© R. Paul Buchman 2010
APOLOGETICS - EXAMPLES
Apologists sometimes use the following methods to validate their arguments. The skeptic must be aware of these tactics, and be alert as s/he reads apologists' attempted conflict resolutions.
One of the most common tactics that apologists use is the "just so" or ad hoc explanation. This type of explanation is simply made up out the apologist's imagination, for no reason other than to resolve a contradiction or discrepancy. The usual rationale for it is that the explanation is "possible," or events "could have" happened a certain way. Yes, as we all know, anything is possible. However, in the absence of corroborating evidence, "possible" or "could have" by itself is not sufficient to resolve a problem. To serve as a plausible explanation, there must be some reason to think that an explanation is true. In many cases, such an explanation cannot be verified or falsified. Therefore it is a fallacy and has no value.
OUT OF ORDER
The Gospel authors did not necessarily record all events in chronological order. So, conflicts between two Gospels based upon differing sequences of events may not be conflicts at all. It's also the case that verses which relate a person's offspring don't always list them in their birth order. That can be confusing, but it happens.
Consider the following:
GEN 6:10 And Noah begat three sons, Shem, Ham, and Japheth.
GEN 10:21 Unto Shem also, the father of all the children of Eber, the brother of Japheth the elder, even to him were children born.
GEN 6:10 lists Shem first among Noah's three sons, but GEN 10:21 refers to Japheth as Shem's elder brother. In this case it's obvious that GEN 6:10 does not list Noah's sons in birth order. If an apologist uses the "out of order" explanation to resolve a discrepancy, the skeptic should look at the context to try to verify that explanation. If evidence in the context is lacking, sometimes a Bible search can help. There should be something in the text, or in the historical context, to support such a claim. Sometimes an apologist will refer to the earlier of out of sequence verses as "anticipation," which to me sounds like bs.
Bible authors did not necessarily record every event that occurred. An apparent error of omission does not automatically constitute a conflict with one or more other verses in which an event does appear. I agree with this, as far as it goes. Consider the following example (an apologist's explanation follows the Bible verses).
"69. The infant Christ was taken into Egypt [Matt 2:14,15,19,21,23]
The infant Christ was not taken into Egypt [Luke 2:22, 39]
the Gospels are not comprehensive accounts (intended to omit no
detail whatsoever) we should not be surprised that stuff is mentioned
in one Gospel that is not in another, and even that in different
versions of the same story characters are mentioned in one version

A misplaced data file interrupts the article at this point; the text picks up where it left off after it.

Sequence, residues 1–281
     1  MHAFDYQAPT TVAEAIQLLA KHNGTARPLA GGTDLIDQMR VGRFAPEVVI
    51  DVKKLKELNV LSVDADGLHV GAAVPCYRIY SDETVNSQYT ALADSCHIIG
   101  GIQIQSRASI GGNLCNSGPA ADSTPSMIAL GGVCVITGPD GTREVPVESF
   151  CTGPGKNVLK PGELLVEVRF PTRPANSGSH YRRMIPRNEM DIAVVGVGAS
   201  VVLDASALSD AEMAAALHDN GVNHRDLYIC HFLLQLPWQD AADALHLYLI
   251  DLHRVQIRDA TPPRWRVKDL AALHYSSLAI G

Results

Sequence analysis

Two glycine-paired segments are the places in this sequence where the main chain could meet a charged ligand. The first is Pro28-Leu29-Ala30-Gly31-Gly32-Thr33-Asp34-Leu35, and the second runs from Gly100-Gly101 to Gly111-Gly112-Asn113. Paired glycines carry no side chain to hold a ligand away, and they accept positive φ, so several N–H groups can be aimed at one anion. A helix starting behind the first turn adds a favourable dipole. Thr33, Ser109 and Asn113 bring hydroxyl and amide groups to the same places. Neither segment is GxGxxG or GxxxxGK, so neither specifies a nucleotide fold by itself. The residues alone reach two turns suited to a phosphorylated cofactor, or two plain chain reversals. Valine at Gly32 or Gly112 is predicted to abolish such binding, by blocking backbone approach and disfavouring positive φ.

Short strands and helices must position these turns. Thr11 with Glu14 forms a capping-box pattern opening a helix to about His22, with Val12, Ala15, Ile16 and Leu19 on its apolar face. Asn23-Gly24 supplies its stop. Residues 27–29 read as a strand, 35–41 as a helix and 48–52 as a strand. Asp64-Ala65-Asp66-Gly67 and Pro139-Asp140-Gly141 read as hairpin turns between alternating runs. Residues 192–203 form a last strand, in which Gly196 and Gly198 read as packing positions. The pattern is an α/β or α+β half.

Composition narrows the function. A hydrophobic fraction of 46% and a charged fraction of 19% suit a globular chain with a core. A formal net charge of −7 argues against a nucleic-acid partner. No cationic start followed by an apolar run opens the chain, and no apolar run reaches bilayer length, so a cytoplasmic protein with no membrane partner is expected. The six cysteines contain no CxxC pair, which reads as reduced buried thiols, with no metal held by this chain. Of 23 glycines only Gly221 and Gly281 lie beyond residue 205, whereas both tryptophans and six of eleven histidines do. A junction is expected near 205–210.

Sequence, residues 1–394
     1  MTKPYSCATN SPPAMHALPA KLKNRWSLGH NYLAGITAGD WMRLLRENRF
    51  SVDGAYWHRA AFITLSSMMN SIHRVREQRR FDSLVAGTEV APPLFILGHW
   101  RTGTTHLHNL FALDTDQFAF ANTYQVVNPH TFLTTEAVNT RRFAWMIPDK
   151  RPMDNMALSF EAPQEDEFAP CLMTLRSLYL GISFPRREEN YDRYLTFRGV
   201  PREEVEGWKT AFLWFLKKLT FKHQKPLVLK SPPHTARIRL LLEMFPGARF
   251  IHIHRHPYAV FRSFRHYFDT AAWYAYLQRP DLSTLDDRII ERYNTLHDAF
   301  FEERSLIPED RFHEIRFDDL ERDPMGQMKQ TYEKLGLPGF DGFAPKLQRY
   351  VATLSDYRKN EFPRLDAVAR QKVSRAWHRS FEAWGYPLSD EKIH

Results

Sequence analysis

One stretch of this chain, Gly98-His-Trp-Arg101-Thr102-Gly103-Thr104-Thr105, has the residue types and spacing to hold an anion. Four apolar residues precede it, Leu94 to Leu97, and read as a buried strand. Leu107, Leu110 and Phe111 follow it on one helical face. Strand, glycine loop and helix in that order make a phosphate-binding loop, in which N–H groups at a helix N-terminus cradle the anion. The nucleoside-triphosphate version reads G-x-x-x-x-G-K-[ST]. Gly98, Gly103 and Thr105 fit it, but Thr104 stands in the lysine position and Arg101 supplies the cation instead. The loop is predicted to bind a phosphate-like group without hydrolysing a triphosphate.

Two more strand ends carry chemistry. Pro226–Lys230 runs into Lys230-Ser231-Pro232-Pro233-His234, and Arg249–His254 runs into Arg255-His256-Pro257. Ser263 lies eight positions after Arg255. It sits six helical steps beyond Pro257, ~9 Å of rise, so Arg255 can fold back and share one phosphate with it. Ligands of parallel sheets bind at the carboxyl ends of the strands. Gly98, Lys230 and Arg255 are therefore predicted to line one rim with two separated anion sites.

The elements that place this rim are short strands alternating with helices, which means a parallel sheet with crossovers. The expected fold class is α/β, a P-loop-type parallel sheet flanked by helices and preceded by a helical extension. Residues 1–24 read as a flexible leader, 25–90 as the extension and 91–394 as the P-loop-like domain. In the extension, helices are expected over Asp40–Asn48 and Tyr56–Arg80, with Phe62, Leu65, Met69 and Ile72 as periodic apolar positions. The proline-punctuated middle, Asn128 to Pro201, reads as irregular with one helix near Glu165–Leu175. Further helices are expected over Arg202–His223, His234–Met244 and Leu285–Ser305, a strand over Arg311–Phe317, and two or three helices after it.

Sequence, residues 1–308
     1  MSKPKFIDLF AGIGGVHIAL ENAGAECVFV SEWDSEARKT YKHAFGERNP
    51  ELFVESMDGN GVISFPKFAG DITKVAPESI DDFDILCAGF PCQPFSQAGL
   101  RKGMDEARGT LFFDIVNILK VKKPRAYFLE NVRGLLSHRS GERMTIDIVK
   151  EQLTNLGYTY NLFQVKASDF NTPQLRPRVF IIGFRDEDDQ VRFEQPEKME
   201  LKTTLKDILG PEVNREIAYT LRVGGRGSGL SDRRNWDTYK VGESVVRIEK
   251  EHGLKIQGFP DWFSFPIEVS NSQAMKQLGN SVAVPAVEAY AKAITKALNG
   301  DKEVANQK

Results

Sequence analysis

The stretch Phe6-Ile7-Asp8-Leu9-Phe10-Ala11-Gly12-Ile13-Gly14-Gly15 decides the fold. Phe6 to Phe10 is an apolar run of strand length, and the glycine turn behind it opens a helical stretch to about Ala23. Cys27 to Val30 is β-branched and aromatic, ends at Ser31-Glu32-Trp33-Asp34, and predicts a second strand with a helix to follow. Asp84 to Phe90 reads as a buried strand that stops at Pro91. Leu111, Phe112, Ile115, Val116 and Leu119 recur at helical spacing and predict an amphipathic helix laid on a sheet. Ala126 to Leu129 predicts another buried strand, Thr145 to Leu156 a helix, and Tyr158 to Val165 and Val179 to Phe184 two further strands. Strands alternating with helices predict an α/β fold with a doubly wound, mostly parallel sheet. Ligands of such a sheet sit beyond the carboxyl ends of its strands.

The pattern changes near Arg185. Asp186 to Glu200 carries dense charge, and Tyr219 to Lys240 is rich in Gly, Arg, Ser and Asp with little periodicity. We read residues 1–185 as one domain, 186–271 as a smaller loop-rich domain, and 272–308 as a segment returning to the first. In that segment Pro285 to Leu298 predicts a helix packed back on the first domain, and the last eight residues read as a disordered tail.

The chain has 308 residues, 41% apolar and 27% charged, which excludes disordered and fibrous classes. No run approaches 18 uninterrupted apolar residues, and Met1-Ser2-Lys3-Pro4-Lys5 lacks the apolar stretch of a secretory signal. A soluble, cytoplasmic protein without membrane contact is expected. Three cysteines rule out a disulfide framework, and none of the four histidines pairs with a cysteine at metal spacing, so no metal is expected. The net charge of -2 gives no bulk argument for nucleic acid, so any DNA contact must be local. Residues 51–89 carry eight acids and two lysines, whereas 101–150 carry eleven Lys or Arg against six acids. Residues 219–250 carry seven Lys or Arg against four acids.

that are not mentioned in another and event B is mentioned as
intervening between A and C in one account but not in another. Each
Gospel is an incomplete picture of the facts and the truth is found
by pooling the input of all of them.
"So if Mark does not mention the flight into Egypt and the flight really happened, then Mark is incomplete but not necessarily in error or contradictory.
"The reasons why the evangelists highlighted some events and not others (redaction criticism) is of course a legitimate area of research and compatible with a belief in biblical inerrancy." [from: http://www.philvaz.com/apologetics/DefendingTheGospels.htm ]
does not say that the infant was not taken into Egypt, as neither
account is exhaustive (those who look for contradictions often
overlook the fact that Biblical accounts are rarely exhaustive in
their scope). We can easily harmonize the accounts as
"Journey of Joseph and Mary from Nazareth to Bethlehem; birth of the child; presentation in the Temple; return to Bethlehem; visit of the Magi; flight into Egypt; return to settle in Nazareth." [from: http://www.bringyou.to/apologetics/bible.htm ]
As it happens, the Bible shows that the second apologist is wrong in this case. If you read further in Luke, you learn that Joseph took his family to Galilee right after the temple ritual:
LUK 2:21-22, And when eight days were accomplished for the circumcising of the child, his name was called JESUS, who was so named of the angel before he was conceived in the womb. And when the days of her purification according to the law of Moses were accomplished, they brought him to Jerusalem, to present him to the Lord; ... 39 And when they had performed all things according to the law of the Lord, they returned into Galilee, to their own city Nazareth.
Luke doesn't mention the flight into Egypt because in his version of events Joseph went directly from the temple to Galilee. So this really is a contradiction. This is an excellent example of a case in which saying that events could have taken place in such-and-such a way is insufficient to resolve the contradiction.
Another apologist, anticipating the counter-argument based on LUK 21:39, goes even farther. He says that, yes, Joseph took his family to Nazareth after the temple ceremony. Then they went to Egypt! To that I would say (besides "You have a vivid imagination!"), there is still good reason to doubt the apologist's interpretation.